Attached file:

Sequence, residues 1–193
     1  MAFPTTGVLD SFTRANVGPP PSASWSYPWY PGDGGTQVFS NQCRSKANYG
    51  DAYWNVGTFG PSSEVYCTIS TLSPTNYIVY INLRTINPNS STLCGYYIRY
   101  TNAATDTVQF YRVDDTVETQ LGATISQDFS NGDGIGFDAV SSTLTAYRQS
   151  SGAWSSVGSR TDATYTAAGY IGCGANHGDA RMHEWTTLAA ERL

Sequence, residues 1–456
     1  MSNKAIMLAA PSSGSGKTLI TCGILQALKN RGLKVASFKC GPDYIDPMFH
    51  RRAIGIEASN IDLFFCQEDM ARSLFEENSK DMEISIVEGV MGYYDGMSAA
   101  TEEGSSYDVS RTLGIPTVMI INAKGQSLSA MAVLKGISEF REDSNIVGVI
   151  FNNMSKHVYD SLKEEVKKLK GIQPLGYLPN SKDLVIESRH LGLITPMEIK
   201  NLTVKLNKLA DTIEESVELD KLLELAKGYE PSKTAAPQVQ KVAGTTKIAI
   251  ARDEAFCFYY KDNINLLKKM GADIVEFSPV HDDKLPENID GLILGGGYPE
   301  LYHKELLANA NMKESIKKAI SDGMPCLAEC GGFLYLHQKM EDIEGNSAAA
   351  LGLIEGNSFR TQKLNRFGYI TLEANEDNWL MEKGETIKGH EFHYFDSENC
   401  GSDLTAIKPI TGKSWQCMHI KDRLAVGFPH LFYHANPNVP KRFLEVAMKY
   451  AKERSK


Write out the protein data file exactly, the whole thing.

Sequence, residues 1–193
     1  MAFPTTGVLD SFTRANVGPP PSASWSYPWY PGDGGTQVFS NQCRSKANYG
    51  DAYWNVGTFG PSSEVYCTIS TLSPTNYIVY INLRTINPNS STLCGYYIRY
   101  TNAATDTVQF YRVDDTVETQ LGATISQDFS NGDGIGFDAV SSTLTAYRQS
   151  SGAWSSVGSR TDATYTAAGY IGCGANHGDA RMHEWTTLAA ERL

Sequence, residues 1–456
     1  MSNKAIMLAA PSSGSGKTLI TCGILQALKN RGLKVASFKC GPDYIDPMFH
    51  RRAIGIEASN IDLFFCQEDM ARSLFEENSK DMEISIVEGV MGYYDGMSAA
   101  TEEGSSYDVS RTLGIPTVMI INAKGQSLSA MAVLKGISEF REDSNIVGVI
   151  FNNMSKHVYD SLKEEVKKLK GIQPLGYLPN SKDLVIESRH LGLITPMEIK
   201  NLTVKLNKLA DTIEESVELD KLLELAKGYE PSKTAAPQVQ KVAGTTKIAI
   251  ARDEAFCFYY KDNINLLKKM GADIVEFSPV HDDKLPENID GLILGGGYPE
   301  LYHKELLANA NMKESIKKAI SDGMPCLAEC GGFLYLHQKM EDIEGNSAAA
   351  LGLIEGNSFR TQKLNRFGYI TLEANEDNWL MEKGETIKGH EFHYFDSENC
   401  GSDLTAIKPI TGKSWQCMHI KDRLAVGFPH LFYHANPNVP KRFLEVAMKY
   451  AKERSK